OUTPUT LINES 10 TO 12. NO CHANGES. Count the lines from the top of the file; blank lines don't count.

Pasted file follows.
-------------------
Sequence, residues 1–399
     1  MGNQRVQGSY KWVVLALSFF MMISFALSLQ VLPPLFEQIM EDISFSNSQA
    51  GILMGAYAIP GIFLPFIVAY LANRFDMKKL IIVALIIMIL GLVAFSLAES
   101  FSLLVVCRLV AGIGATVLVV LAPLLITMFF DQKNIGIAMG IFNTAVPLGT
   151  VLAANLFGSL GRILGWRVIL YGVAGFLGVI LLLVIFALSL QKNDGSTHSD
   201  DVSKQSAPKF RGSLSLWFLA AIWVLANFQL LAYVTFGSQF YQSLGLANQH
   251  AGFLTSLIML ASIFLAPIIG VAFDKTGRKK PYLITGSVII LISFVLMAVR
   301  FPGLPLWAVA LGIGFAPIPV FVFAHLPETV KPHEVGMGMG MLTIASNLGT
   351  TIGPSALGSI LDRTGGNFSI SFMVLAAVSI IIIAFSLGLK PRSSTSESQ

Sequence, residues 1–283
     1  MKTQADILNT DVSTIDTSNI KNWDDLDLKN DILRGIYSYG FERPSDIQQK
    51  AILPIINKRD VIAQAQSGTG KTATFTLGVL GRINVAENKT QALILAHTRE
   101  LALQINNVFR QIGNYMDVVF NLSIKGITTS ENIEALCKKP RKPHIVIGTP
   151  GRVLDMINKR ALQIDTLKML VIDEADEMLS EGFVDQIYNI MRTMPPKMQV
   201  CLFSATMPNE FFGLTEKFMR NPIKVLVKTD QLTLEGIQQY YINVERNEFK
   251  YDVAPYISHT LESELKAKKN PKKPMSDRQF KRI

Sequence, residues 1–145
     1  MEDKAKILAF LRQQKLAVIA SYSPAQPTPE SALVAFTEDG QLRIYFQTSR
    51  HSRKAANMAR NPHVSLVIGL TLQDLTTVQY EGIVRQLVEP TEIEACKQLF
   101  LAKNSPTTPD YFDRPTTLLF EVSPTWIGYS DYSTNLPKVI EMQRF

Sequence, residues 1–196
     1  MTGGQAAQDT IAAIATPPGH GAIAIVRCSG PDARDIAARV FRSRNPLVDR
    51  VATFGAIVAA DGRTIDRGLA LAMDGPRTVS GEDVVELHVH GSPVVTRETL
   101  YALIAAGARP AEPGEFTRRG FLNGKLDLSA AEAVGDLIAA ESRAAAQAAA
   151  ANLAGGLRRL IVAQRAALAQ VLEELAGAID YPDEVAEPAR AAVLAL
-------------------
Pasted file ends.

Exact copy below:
Sequence, residues 1–283
     1  MKTQADILNT DVSTIDTSNI KNWDDLDLKN DILRGIYSYG FERPSDIQQK
    51  AILPIINKRD VIAQAQSGTG KTATFTLGVL GRINVAENKT QALILAHTRE